As was correctly reported last week, shielding will end on July 31st. Further announcements about changes, such as reducing social distancing to 1 metre in some situations, are coming thick and fast. I suspect many of the vulnerable and extremely vulnerable will be making decisions to keep safe, just as they did before the lock-down. The situation, for many, may be getting a bit confused and further guidance is needed in good time.
This article raises some valid concerns.
The Health Service Journal has reported shielding is likely to continue until July 31st.
If you are currently shielding and are not getting the support needed then this may help
Public Health England have advised us that laryngectomees are not going to be added to the extremely vulnerable group. However there is a route an individual can take and that is to seek help from their GP or hospital clinician who have the power to add the patient to the group. In my experience hospital clinicians have provided better support to our community.
The current period for which this group have been asked to isolate completely at home extends to the end of June. There remains the possibility they may be advised to continue to do this for even longer, and I assume would continue to get the extra support with the delivery of shopping and medications.
The CLT have been advised “the Chief Medical Officer’s office have now confirmed that their panel will consider this issue”. We await further news of the timing.
NALC joined many clinicians groups such as RCSLT, BAHNO and ENT UK in sending a joint letter to Public Health England last week asking that laryngectomees be added to the list. We await a response and in the meantime contacting a GP for support (see below) in getting on the list is the best option.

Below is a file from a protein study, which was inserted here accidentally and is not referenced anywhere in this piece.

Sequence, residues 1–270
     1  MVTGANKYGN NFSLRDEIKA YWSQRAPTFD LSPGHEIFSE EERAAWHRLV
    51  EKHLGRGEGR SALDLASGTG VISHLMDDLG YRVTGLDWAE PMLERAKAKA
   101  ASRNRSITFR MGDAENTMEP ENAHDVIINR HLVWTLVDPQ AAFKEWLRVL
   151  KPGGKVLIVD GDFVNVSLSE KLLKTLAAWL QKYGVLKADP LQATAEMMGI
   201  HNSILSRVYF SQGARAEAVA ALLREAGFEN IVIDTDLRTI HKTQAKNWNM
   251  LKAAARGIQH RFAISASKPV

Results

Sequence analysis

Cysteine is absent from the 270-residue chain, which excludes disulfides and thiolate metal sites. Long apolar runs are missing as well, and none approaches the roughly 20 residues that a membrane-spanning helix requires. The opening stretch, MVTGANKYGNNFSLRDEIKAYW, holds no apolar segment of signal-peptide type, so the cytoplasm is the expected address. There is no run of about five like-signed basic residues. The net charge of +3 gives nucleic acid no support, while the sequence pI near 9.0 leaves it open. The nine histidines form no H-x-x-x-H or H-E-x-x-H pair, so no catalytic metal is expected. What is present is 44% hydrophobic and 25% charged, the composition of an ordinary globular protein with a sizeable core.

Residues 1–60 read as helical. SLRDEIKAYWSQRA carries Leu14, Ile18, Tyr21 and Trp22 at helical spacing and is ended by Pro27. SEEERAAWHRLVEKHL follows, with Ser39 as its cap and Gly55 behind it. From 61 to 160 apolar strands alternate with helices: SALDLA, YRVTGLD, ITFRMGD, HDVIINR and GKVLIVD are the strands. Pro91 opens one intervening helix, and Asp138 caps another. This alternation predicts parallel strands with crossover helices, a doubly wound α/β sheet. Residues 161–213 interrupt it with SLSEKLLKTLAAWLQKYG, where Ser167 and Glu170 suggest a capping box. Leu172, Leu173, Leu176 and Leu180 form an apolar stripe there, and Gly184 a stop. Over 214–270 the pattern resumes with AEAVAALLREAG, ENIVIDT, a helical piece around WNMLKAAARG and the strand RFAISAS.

Important information came from a response to the Cancer Larynegctomy Trust:
From: CANCERPOLICY, England (NHS ENGLAND & NHS IMPROVEMENT – X24) <email@example.com>
Sent: 09 April 2020 10:50
Subject: RE: Laryngectomy
Yes, someone who has had a laryngectomy is likely to be considered extremely vulnerable as the upper airway cannot be protected as well as usual. Patients should discuss directly with their cancer care team and GP, who will have discretion to add them to the vulnerable list. In the meantime, if they are concerned about their risk of infection they should follow the shielding guidance.
With best wishes,
Parliamentary and Briefings Officer
NHS Cancer Programme
NHS England and NHS Improvement
NALC has had several communications from clubs about the risk status of laryngectomees and the absence of a categorical statement of our inclusion in the list of at risk groups. NALC is joining with clinician groups like the BLA to pass a strong message to NHS England that we should be specifically included in the lists. This will help in many ways, not least in convincing employers that it is not safe for laryngectomees to turn up to work as normal and accommodations must be made.
It is possible for patients and/or carers to request to be added to the “extremely vulnerable” group. We are aware of laryngectomees who have successfully used the link below, but others have been rejected. The link is:
On the BBC News website it was reported on April 7th:
NHS Digital, which compiled the list of the vulnerable, said it had identified about 900,000 patients who should have already received an official letter or text.
However, it said GPs and hospital doctors were now adding a further 600,000 patients.
It also advised people to register themselves on the website (see above) if they needed extra help and support.
The Department for Environment, Food and Rural Affairs (Defra) and the Royal College of General Practitioners have also advised those who feel they had been missed off the list to contact their GPs.
Covid 19 is a new virus. It is impossible to have information about how exactly laryngectomees may be at risk. Hopefully NHS England will choose to take a safety-first approach in meeting our needs and add us to the vulnerable group on request.